The bill has received much support throughout the state as well an extraordinary push by Governor Andrew Cuomo who has teamed with bill sponsors Assembly Speaker Sheldon Silver and Assembly Member Daniel O'Donnell in urging the NY State Senate to join them in their personal and legislative desire to 'make marriage equality a law.'
Assembly bill A08354, [pdf
], which was introduced at the request of Governor Cuomo, received a large amount of support by Assembly members with over 60 sponsors and co-sponsors actively pushing the bill forward through the 2011 session.
The text of the bill states:
Marriage is a fundamental human right. Same-sex couples should have the same access as others to the protections, responsibilities, rights, obligations, and benefits of civil marriage. Stable family relationships help build a stronger society. For the welfare of the community and in fairness to all New Yorkers, this act formally recognizes otherwise-valid marriages without regard to whether the parties are of the same or different sex.
The bill will also protect members of the clergy from civil liability for refusing to perform same-sex marriages but will not protect religious organizations from liability in cases of employment and housing discrimination for couples in same-sex marriages.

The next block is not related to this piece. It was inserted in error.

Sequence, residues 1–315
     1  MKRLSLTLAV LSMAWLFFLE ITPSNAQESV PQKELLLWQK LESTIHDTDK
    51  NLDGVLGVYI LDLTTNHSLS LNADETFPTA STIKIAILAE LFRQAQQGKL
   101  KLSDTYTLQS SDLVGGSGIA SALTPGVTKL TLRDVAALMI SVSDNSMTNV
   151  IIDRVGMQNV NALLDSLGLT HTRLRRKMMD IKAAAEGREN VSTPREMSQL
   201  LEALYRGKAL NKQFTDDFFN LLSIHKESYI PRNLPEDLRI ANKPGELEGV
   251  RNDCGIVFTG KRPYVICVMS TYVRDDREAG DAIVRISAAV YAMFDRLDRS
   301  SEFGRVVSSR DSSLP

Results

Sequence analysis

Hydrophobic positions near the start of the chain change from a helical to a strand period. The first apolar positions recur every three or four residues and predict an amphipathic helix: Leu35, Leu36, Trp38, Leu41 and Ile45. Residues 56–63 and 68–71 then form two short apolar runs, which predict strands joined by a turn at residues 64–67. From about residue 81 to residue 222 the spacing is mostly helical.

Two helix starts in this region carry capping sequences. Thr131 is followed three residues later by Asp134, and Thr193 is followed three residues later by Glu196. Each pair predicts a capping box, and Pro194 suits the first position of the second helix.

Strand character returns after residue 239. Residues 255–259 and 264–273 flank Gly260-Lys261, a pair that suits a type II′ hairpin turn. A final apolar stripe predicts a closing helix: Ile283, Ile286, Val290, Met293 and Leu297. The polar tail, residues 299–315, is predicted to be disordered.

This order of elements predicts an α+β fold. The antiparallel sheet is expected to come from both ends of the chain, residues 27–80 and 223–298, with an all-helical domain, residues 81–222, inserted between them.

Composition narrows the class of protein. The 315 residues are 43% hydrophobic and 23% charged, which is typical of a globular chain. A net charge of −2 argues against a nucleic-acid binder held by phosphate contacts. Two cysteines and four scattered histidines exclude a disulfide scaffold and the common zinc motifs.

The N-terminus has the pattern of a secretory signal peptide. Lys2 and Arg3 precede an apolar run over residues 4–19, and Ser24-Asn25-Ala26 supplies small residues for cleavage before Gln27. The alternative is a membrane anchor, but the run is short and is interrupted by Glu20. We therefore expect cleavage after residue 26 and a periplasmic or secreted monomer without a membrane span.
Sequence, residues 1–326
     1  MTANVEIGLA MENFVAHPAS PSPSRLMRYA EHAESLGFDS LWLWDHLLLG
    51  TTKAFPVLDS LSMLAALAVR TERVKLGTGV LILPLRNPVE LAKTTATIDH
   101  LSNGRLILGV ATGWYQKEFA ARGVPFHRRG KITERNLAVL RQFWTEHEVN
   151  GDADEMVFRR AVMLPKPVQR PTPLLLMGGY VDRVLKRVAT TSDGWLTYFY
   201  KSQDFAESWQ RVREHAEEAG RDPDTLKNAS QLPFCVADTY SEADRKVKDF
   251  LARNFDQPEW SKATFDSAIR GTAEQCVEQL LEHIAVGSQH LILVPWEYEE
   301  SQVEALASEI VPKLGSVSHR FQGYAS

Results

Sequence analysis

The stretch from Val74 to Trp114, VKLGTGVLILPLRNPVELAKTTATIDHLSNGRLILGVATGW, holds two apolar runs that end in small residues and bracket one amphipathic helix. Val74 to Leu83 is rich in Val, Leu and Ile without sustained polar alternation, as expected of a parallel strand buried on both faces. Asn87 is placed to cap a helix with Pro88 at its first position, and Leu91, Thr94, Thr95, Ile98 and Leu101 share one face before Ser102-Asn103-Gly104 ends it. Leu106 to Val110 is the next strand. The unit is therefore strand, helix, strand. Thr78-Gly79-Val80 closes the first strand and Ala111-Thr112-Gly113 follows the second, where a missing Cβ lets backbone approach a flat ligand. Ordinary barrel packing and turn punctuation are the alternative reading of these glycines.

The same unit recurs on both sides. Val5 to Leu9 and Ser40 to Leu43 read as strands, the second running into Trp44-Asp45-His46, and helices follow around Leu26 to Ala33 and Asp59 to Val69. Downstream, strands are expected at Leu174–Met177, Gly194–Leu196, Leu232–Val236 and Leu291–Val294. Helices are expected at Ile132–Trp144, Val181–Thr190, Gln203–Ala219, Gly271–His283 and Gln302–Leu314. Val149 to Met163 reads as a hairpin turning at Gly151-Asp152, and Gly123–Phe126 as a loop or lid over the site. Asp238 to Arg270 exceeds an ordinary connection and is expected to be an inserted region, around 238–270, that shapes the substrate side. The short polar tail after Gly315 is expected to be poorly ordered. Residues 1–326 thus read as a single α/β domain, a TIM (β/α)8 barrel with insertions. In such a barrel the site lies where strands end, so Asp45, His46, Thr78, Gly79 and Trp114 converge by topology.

The NY Assembly, which is controlled by a Democratic majority, voted 86 to 63 in favor of the bill, according to Reuters
and is expected to be voted by the NY Senate as soon as Friday, with reports saying it is currently one vote short of the number required for passage. Officials are optimistically looking for the one needed vote of support from a Republican controlled Senate for approval before the bill will be sent to the Governor's office, where it is expected to be signed immediately.
In a Siena Research Institute poll
over 55% of registered New York voters surveyed said they favored the passage of the Marriage Equality Act, making same-sex marriage legal. More then a quarter of New Yorkers polled listed legalizing same sex marriages as one of their top two priorities in the current legislative session.
In a press release
from the NY State Assembly yesterday, Speaker Silver, a Democrat from Manhattan, said, "This is a matter of equity and justice. New Yorkers should have the right to marry whom they choose. Partners unable to enter into a civil marriage, and their children, lack basic legal protections taken for granted by married couples."
Daniel O'Donnell, (D-Manhattan), added "Today, the Assembly has yet again put itself solidly on the side of justice and equality for all in New York State. This is the fourth time that we in the Assembly have passed Marriage Equality under Speaker Silver's unwavering support and leadership, and my courageous colleagues who have supported the bill since 2007 deserve immense praise and thanks. This action takes us one step closer to removing legalized discrimination from our law books and reclaiming New York's position as a leader in equality for our nation."
If the Marriage Equality Act becomes law in New York, couples will be required to apply for a license to marry and will have 60 days to deliver the license to the clergymen or magistrate performing the ceremony for the marriage to be valid.
Currently in the United States five states plus the District of Columbia are granting licenses for same-sex marriage according to information provided by NPR
. These include Connecticut, Iowa, Massachusetts, New Hampshire, and Vermont. Forty-one states, including New York, prohibit same-sex marriage.